Stagger Inn ... Again, Oct. 21. Driving home from Edwardsville, the performer sees a sign outside a church: "Does the truth witness for or against you?"
Molly's, Oct. 29. T-Bone, in fedora and Shaft shades, hosts the Monday-night sessions, laying down the tough guitar lines and slurry syllables of "The Twist" and "Mustang Sally." His band is crackerjack and misused. Exactly what sense is made by a parade of introverted white guys with acoustic guitars following a blues band? The bartender's only answer is to lift up her leg to show a tattoo and an arthritic condition. The crowd wears motorcycle chaps and scowls. A couple gets up and tackles "Nobody Knows You When You're Down and Out." The hoosiers in back erupt at the start of "Gold Dust Woman" -- "Yeah! Whoo! Stevie!" -- and then everybody, the performer included, sings along to "Me and Bobbie McGee." Together they put to the test the theory that nothing can ruin a good song. Should future generations wish to understand the soul of Soulard, they need look no further, grim as it may be, than this sing-along. The singer lights into Marc Cohn's "Walking in Memphis," as T-Bone yammers at the bar, but when she gets to the line "'Are you a Christian, child?' And I said, 'Ma'am, I am tonight,'" the human secrets of performance are made achingly apparent. The last sad note fades -- the singer may have been waiting all her life for that note -- and nobody much notices.
Venice Café, Oct. 29. Eric reads a chapter from his novel, barely audible, but the performer follows the protagonist -- a fat, drunk loser -- through an existential crisis that culminates in an encounter with a refrigerator and the following truth: "He found no beer." Erin and Jason, dressed to express in matching black leather coats and turtlenecks, follow Eric with poems. Erin, quiet and recondite, packs a pipe with African Queen tobacco, puffs like a philosopher uncle and then just reads -- without bellowing, berating or imitating some unearned hipster jive. Jason follows her, dodging and bouncing at the mic, reading an homage to the Monday-night drunks gathered in the junkyard cornucopia of the Venice, with bluesy syncopation and hallucinations of grace triggered by lust and liquor. Tonight he sounds like the best poet in Soulard.
Off Broadway, Oct. 30. Under the year-old ownership of Joe Telle and Connie Garcia, Off Broadway now hosts an "open jam" each Tuesday; the sign at the entrance reads "4 p.m.-12 a.m.," but things rarely get rolling till after 8. The joint is empty, but the host -- a solid, jazz-trained drummer -- keeps a stoned sense of humor. Some pickers sit in with Barb, who stabs at her keyboard through another Fleetwood Mac tune, then straps on an electric guitar for an autobiographical tale of a skank and her libido. She doesn't miss the melody so much as she curdles it. The performer ponders whether it's better to laugh or leave before she does "Landslide."
Obie's, Nov. 20. Helliphino, as they always do, end the night at 1 a.m. Finger's eyes are bugging out. Butcher lays back, like a samurai silently contemplating how he will kill, legs akimbo, never missing a string, never breaking rhythmic stride -- it's pretty, the performer thinks -- no matter that Fingers has begun freaking and gesticulating and foaming like an electrocution. The tune? "3 A.M." by Matchbox 20, a version that decimates and mocks and redeems every accursed truth the pretty-boy pop song never told -- at least until Fingers starts squealing on the floor like a stuck pig, and it's beautiful and frightening and unlike anything the performer has ever been subjected to before. Like Jerry Lee before them, Helliphino is dragging the audience to hell with them -- only this time, the crowd is laughing at the horrid pleasantness of the descent. They're shaking their butts, too.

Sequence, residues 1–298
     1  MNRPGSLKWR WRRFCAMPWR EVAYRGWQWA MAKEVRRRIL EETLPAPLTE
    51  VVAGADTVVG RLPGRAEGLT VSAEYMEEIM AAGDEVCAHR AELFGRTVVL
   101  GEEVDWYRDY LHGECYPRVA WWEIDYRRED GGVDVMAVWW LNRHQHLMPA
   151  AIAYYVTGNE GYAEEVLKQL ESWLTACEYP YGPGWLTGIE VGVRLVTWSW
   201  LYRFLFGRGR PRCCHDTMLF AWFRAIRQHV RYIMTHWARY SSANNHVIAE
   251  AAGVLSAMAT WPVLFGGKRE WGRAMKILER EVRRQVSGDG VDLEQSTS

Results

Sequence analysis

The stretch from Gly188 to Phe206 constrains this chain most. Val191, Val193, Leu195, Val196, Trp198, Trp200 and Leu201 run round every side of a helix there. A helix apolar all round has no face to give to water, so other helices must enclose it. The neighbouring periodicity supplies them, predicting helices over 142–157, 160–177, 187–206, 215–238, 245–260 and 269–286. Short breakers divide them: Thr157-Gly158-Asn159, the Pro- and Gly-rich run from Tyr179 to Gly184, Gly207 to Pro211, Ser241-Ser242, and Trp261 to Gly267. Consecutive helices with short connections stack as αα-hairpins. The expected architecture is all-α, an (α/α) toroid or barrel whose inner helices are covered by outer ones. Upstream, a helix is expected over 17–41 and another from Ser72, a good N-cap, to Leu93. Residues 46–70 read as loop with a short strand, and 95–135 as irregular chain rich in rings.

Stagger Inn ... Again, Nov. 21. Rosco Villa onstage: "Fuck you and your beer. This song is called 'Baby, I'm Stoned.'"
Off Broadway, Nov. 27. The house band is wasted and trying to work up another classic rock song with a flute solo. Time is running out everywhere but here.
Cicero's, Dec. 2. By 8 p.m., the tables in the club are taken and the list is full. Our host, Dennis, affable and accommodating to a fault, spins acid jazz and Grateful Dead, but he starts on time with a good cover of "Alberta" and a shaky reading of "Love Minus Zero." Colleen digs deep into a J.J. Cale song, "Cajun Moon," and is followed by Charlie, who bumbles through "I Killed Santa Claus," but he's not nearly as bad-ass as his electrical-taped guitar and sunglasses suggest. The performer is intrigued by what might go through the mind of someone covering Hootie and the Blowfish. If he starts pulling at that thread, he fears, the whole world will unravel.
Venice Café, Dec. 17. A kid named Goat, with pierced lip and fucked-up teeth, takes the performer's guitar and warbles: "My mama was a muff-diver. She looked just like McGyver." The performer is still unsure. He wants to believe open mics tell a story or address an essential question. But he doesn't know the plot and can't make out an answer. Why have these woeful parades survived the passed winds of musical change? Why are they likely to endure when the trend-mongers tell us that all these guys and girls with songs and guitars live in deluded obsolescence? It's a new age: They should get turntables, samplers, beats and bleeps. At least the economic justification of open mics is clear: On an off night, let the clientele jerk off onstage, for all the bar owners care, so long as they buy drinks. But economics never tell the whole story. Open mics endure because they are all too human: From the day we admit our own small existence, we become performers and look for an absolving audience. So they come, with poems and Ovations, not for narcissism or ego affirmation but to dispel the emptiness carried within like a damaged chromosome. It's that damage, that awkward, inchoate tangle of the heart, that riven beauty inside that you may hear in Robert and Cali's harmonies, in Ranger Dave's hammer-ons, in Kim's torrid howl, in Butch's smooth I-IV-V blues, in Chad and Brian's spunky melodies, in Jason and Erin's angst, in Finger's spit, in Billy Foster's deadpan delivery, in Kelly Lea's voice -- it's the end of the night and she's singing to no one now, "I'm too tired to fight, too tired to fuck" -- pulling away from the microphone and raising one last hallelujah of a note to the ceiling, as if it weren't just another open-mic night, as if all of this really does mean something more. And it does.